Philip Morris Paraguay S.A. et al. v. Paraguay
The petitioners filed an appeal for legal protection, challenging the constitutionality of two administrative decrees that implemented Article 8 and Article 11 of the FCTC. One of the decrees provided warning and labeling requirements for tobacco products, and the other one established that enclosed public places, workplaces, and public transportation were 100% smoke-free places.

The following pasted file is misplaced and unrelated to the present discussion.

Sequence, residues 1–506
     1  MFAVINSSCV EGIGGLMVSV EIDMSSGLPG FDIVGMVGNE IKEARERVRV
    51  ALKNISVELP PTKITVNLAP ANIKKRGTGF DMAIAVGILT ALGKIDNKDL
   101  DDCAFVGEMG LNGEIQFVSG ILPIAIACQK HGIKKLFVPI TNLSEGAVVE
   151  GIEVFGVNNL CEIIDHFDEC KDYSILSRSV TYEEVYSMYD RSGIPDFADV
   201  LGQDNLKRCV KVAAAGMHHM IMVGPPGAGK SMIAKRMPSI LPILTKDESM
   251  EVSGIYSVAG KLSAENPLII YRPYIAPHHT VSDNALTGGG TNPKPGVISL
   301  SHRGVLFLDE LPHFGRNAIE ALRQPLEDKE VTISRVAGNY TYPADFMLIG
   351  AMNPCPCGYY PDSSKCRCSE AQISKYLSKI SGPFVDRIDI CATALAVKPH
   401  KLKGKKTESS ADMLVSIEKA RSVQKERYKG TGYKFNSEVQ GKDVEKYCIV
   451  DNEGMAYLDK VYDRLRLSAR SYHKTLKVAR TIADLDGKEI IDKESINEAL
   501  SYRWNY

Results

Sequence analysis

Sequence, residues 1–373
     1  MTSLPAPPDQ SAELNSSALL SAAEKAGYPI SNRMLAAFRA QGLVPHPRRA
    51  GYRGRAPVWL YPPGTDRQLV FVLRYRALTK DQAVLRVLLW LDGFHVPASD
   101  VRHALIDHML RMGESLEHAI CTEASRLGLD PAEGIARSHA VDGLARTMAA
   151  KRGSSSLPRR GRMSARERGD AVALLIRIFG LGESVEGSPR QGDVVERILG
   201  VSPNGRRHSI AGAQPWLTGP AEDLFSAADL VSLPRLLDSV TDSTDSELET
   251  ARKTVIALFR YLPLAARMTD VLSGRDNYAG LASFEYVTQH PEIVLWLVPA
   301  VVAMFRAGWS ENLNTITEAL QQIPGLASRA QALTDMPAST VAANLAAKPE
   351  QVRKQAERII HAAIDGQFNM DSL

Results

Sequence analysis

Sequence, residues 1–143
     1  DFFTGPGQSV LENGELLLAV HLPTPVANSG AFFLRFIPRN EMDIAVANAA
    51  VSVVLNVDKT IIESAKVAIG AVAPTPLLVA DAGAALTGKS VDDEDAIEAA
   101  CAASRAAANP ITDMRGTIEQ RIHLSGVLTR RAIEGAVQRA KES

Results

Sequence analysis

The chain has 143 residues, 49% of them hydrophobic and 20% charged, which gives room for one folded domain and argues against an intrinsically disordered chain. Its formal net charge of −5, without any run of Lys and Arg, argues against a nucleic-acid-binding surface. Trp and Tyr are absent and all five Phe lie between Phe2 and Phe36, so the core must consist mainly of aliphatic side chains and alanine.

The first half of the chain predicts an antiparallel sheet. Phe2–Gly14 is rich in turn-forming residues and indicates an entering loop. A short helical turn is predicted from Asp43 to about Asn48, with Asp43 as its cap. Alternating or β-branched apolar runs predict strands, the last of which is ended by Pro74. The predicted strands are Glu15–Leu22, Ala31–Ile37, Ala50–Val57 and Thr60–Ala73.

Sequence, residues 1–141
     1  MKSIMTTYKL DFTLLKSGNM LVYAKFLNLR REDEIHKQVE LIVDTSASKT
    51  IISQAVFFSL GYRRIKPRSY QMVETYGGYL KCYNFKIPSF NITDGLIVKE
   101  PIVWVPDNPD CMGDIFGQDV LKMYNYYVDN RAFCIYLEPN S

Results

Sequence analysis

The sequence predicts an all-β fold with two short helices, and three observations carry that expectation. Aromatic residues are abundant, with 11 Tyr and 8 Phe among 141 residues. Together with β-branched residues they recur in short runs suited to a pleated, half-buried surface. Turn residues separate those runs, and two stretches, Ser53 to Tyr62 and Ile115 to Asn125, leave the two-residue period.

The Court held that, even though the FCTC had become legally binding to Paraguay upon its ratification, the provisions implementing the treaty needed to be adopted first by a law enacted by Congress. According to the Court, the FCTC contained only “programmatic” clauses and not “self-enforcing” provisions. The Court stated that the Executive Branch’s decrees established duties, obligations, and restrictions not allowed under the National Constitution, the law ratifying the FCTC, or the Sanitary Code. Further, one of the decrees established infractions and penalties, violating the principle of criminal legality, and was enacted in ignorance of a previous law that protected non-smokers, which was entirely in force. Therefore, both administrative decrees were declared unconstitutional, as the Executive Branch had issued them in violation of the separation of powers, among other principles.